The history of the medieval vegetable gardens of the common man and woman: the poorness of descriptions and pictures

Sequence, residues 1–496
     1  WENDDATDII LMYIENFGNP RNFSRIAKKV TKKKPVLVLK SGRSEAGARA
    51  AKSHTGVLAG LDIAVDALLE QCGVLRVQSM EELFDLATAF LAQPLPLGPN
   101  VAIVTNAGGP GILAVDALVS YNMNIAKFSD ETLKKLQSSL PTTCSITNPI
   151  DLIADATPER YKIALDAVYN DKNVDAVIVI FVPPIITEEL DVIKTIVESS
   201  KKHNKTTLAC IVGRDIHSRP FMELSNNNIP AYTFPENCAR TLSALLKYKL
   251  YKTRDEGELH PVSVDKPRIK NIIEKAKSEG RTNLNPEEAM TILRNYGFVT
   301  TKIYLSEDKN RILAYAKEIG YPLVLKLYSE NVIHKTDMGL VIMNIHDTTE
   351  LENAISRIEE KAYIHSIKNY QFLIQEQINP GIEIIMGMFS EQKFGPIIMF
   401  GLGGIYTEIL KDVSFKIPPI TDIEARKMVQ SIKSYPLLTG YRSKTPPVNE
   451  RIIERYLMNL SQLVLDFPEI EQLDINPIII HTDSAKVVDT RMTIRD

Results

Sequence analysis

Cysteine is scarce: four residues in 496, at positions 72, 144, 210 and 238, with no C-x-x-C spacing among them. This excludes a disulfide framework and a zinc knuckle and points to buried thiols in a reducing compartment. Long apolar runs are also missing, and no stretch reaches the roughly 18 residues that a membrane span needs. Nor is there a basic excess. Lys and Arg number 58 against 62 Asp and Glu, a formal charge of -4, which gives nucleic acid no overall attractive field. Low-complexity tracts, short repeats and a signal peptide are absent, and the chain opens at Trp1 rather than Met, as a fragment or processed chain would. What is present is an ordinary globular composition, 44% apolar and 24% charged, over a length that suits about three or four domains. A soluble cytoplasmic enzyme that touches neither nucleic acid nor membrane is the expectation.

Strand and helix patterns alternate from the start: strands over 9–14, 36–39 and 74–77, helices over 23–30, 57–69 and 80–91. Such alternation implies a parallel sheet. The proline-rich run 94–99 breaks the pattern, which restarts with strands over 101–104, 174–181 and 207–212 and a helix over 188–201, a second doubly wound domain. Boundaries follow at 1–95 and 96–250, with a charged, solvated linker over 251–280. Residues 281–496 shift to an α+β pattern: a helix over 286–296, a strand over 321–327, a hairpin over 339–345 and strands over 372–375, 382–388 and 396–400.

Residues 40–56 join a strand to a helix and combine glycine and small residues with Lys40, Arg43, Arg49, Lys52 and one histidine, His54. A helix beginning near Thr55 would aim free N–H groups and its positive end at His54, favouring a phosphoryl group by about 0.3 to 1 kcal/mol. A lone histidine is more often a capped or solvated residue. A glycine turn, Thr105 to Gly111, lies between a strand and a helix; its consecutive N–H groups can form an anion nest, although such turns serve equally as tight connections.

In search of depictions of medieval vegetables, a study of medieval vegetable gardens of the common men and women was made. These gardens commonly occurred, but as they were probably too vulgar they were not described and depicted. In legal cases or financial accounts their presence has only been documented. Exchange of seed, seedware and knowledge between the common men and women maintaining vegetable gardens and gardeners of vegetable gardens of castles, mansions, monasteries, abbeys and hospitals, and vice versa is decribed. It is suggested that links between both groups were frequent and strong, as most monks, although often entering the monastery at a young age, and servants of chatelains have grown up in ‘common’ families and ‘received’ their first practical training in gardens of the common (wo)men, often their parents. During visits seed, seedware and knowledge will have been exchanged.

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